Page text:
Recently, several Norwegian researchers published a study in the New England Journal of Medicine. There, they confirmed a link between the Astra Zeneca vaccine and severe cases of blood clots and thrombocytopenia that affected five Norwegian healthcare workers shortly after they received the vaccination.
Now type Norwegian VG And the Class struggle Several of the study authors, including Pål André Holme, professor and chief physician at the University of Oslo Hospital, have financial links with other companies that manufacture vaccines.
Holmy, for example, has received more than a million kroner from competitors Pfizer and Bayer over the past five years. It is compensation for various lectures, teaching opportunities and participation in expert committees. For example, the co-authors were paid by Janssen for the lectures, or owned stakes in the companies developing vaccines or had or held senior positions in Medtech companies.
Despite this, none of the researchers mentioned that they considered there was any potential conflict of interest in relation to the study. In the attached Supplementary Form, all have identified the issue of whether other relevant parties have paid them within the past 36 months.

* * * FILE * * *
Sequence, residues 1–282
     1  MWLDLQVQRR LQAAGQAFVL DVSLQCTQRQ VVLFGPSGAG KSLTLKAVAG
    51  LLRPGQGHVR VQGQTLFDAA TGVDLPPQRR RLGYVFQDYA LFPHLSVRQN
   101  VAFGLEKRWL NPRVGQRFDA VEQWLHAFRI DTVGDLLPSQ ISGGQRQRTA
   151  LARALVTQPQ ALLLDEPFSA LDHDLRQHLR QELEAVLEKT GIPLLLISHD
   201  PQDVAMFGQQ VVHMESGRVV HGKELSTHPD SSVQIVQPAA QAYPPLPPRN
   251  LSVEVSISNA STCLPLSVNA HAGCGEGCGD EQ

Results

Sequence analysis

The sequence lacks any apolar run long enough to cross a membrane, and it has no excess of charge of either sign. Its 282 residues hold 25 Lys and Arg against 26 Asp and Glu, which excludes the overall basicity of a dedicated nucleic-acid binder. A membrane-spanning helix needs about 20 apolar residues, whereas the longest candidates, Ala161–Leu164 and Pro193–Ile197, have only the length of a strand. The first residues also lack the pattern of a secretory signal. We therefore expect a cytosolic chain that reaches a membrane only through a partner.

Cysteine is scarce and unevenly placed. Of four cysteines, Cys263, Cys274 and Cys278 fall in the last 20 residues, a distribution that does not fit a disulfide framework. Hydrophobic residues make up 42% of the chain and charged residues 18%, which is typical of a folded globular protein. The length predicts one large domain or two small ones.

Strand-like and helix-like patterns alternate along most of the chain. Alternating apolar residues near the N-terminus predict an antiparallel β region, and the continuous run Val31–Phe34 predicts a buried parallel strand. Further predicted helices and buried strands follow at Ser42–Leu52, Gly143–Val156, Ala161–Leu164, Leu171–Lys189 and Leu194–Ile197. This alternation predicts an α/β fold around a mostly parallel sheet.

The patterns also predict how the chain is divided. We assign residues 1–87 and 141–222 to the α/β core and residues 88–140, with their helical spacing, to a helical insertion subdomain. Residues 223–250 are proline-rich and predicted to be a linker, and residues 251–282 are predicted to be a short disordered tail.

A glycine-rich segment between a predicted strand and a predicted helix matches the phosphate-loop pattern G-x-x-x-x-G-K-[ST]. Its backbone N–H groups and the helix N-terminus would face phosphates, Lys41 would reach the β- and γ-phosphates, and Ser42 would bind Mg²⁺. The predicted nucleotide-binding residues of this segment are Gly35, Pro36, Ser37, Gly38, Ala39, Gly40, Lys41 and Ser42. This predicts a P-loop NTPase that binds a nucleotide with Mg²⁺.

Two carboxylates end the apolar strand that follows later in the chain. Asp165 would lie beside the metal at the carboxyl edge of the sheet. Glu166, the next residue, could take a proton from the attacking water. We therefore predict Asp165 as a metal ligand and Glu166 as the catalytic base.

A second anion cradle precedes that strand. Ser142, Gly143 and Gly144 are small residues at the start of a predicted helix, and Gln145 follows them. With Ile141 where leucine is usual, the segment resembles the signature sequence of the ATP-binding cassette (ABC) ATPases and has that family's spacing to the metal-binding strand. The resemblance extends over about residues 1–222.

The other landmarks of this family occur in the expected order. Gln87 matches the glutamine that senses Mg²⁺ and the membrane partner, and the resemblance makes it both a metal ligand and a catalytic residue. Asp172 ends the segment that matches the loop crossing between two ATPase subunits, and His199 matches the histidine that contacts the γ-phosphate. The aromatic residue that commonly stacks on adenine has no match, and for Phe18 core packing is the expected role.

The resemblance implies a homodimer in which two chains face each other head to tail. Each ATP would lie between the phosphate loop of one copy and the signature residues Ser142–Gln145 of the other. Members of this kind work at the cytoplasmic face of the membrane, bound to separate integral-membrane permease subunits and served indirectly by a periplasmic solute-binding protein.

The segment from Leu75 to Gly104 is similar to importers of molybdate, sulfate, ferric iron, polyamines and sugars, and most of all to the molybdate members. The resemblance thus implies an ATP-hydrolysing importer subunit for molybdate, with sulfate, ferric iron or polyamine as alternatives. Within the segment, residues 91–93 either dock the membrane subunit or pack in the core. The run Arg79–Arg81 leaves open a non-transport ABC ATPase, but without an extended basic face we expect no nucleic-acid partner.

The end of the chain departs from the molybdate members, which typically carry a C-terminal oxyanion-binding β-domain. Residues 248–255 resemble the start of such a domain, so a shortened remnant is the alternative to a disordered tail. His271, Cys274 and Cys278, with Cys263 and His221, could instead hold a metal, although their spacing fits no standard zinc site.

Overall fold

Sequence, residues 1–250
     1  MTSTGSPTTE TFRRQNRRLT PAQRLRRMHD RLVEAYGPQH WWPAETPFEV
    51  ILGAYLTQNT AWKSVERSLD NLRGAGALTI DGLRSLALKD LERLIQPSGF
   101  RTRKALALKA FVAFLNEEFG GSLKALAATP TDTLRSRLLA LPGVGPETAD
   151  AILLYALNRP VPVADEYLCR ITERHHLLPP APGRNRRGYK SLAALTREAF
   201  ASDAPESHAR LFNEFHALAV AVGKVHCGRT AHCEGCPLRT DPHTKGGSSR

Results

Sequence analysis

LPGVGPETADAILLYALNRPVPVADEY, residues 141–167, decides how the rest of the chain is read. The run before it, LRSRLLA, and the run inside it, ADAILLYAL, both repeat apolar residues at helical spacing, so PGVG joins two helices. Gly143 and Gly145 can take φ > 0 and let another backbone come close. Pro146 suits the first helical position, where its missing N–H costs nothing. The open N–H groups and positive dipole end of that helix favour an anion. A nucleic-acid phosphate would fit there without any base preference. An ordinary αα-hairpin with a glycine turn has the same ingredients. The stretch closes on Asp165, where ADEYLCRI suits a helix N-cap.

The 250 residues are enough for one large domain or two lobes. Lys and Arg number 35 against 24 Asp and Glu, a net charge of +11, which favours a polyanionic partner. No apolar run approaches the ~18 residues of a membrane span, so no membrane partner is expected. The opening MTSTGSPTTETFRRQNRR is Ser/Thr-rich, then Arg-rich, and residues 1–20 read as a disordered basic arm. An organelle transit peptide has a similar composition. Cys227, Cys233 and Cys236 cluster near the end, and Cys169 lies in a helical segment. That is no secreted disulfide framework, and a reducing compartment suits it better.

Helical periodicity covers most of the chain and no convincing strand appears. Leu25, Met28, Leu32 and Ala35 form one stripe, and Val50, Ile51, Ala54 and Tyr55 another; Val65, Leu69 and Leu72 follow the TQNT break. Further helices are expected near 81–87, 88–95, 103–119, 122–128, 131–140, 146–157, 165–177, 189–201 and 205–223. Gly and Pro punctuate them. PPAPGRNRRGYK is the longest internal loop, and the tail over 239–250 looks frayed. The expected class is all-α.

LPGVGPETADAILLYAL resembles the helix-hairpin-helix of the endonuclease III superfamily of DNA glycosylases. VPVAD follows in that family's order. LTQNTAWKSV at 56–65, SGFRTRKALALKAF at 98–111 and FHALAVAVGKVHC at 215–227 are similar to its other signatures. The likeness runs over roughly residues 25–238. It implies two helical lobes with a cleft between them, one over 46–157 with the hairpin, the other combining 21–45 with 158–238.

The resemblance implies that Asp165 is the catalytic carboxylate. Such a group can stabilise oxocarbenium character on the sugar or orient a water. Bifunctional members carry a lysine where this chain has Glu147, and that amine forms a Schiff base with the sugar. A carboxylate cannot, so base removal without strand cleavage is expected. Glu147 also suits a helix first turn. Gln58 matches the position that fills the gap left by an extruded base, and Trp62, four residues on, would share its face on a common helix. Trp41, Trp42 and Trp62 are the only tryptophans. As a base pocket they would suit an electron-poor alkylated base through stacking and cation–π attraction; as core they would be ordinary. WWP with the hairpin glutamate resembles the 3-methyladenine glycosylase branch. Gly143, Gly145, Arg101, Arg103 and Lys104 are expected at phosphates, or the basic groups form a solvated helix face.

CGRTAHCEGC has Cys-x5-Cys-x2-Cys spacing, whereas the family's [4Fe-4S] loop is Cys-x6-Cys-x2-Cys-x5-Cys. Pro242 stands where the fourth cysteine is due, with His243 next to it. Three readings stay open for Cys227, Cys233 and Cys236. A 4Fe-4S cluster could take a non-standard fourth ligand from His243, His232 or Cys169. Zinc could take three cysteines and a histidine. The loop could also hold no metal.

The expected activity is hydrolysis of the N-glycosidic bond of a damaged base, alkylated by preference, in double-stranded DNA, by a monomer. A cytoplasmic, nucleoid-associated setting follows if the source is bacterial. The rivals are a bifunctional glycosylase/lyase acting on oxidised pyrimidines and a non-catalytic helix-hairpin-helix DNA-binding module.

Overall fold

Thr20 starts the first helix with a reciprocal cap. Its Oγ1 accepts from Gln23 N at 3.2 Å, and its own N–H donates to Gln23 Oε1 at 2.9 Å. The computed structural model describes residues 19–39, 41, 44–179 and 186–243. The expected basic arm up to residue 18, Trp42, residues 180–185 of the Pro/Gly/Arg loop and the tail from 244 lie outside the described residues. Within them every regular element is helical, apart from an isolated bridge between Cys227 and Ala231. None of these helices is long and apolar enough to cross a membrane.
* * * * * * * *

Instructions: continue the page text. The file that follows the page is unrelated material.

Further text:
“He could be considered unhappy.”
Pål André Holme writes to VG He and his colleagues did not consider the communication to be relevant to its reporting.
“We are aware that it may be seen as regrettable for our neutrality that we did not provide payment information from all vaccine related pharmaceutical companies in connection with the article in the New England Journal of Medicine. We should have done so, although we still believe that this is not for him. Direct link to the medical content that we have published in the article. “
He further writes that the entire group of authors subsequently chose to complete the supplementary form.
According to Ali Harandy, Associate Professor and Head of the Vaccine Laboratory at the Sahlgrenska Academy, University of Gothenburg, similar links are not common.
“Sometimes excellent researchers have links with companies or for-profit organizations. As long as the relevant teams are reported in the studies, they are not a problem,” he writes in an email to the GP.
He notes that he does not know the details of how and when the orchestras were reported, but he adds that openness in scientific publications is important.
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